This Ming jar has a beautiful blue Jun glaze. Careful control of the firing has enabled the potter to achieve the attractive opalescence that has traditionally been admired in blue Jun glazes. This jar is an important link between Yuan dynasty Jun ware jars, like that excavated from a tomb near Datong in 1958, and now in the collection of Datong City Museum, Shanxi Province, illustrated in Zhongguo taoci quanji, Junyao, Shanghai renmin meishu chubanshe Bi-no-bi, Shanghai/Tokyo, 1983, no. 54, and Qing dynasty vessels with imitation Jun ware glazes produced at several kilns, including Guangdong and Yixing.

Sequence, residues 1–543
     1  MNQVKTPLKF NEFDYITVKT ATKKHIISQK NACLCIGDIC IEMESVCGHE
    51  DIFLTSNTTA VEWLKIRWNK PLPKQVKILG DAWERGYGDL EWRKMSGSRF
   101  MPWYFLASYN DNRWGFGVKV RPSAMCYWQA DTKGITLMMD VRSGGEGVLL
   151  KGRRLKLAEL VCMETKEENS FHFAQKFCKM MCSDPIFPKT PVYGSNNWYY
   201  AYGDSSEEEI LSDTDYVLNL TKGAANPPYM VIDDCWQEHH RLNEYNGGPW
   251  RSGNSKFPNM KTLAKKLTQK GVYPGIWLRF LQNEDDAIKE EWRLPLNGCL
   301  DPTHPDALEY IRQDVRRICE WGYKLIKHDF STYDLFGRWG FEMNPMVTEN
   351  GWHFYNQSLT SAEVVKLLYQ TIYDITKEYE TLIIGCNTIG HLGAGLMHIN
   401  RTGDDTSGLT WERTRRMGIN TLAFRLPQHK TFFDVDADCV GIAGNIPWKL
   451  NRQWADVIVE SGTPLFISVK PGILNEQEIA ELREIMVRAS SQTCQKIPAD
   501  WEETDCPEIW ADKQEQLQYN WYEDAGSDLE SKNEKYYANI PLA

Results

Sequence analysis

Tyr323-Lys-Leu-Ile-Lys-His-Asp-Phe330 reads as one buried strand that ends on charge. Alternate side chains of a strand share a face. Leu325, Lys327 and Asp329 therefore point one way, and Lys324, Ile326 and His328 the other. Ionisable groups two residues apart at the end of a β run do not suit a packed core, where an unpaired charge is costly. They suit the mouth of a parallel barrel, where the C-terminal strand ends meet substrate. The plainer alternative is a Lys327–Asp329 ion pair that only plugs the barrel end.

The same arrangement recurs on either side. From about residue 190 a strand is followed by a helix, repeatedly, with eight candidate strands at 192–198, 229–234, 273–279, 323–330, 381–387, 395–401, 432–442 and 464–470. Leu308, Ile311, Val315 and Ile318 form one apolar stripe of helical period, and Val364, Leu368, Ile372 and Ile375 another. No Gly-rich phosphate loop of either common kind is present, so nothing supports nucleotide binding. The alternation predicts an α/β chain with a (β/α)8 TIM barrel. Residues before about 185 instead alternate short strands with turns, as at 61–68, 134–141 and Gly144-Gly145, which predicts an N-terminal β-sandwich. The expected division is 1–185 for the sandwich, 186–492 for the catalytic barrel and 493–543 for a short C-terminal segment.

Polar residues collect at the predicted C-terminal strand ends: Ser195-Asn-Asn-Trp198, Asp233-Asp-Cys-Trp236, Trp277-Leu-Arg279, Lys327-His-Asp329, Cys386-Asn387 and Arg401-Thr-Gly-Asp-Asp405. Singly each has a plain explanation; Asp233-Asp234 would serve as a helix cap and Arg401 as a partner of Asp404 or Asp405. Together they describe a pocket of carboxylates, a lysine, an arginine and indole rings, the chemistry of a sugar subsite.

These latter kilns were not able to produce a true Jun glaze, which relied on complex optical effects within the glaze structure to obtain the opalescent blue colour. These required precise control of temperature and length of firing, as well as a long cooling time, in order to achieve the desired glaze colour and translucency. When the Qing potters copied Jun glazes at the Yixing, Guangdong or even Jingdezhen kilns, they usually had to add cobalt to the glaze mixture in order to obtain the blue colour. The beautiful colour of the current jar has been achieved without recourse to such additions, showing that it is a direct continuation of the classic Jun tradition.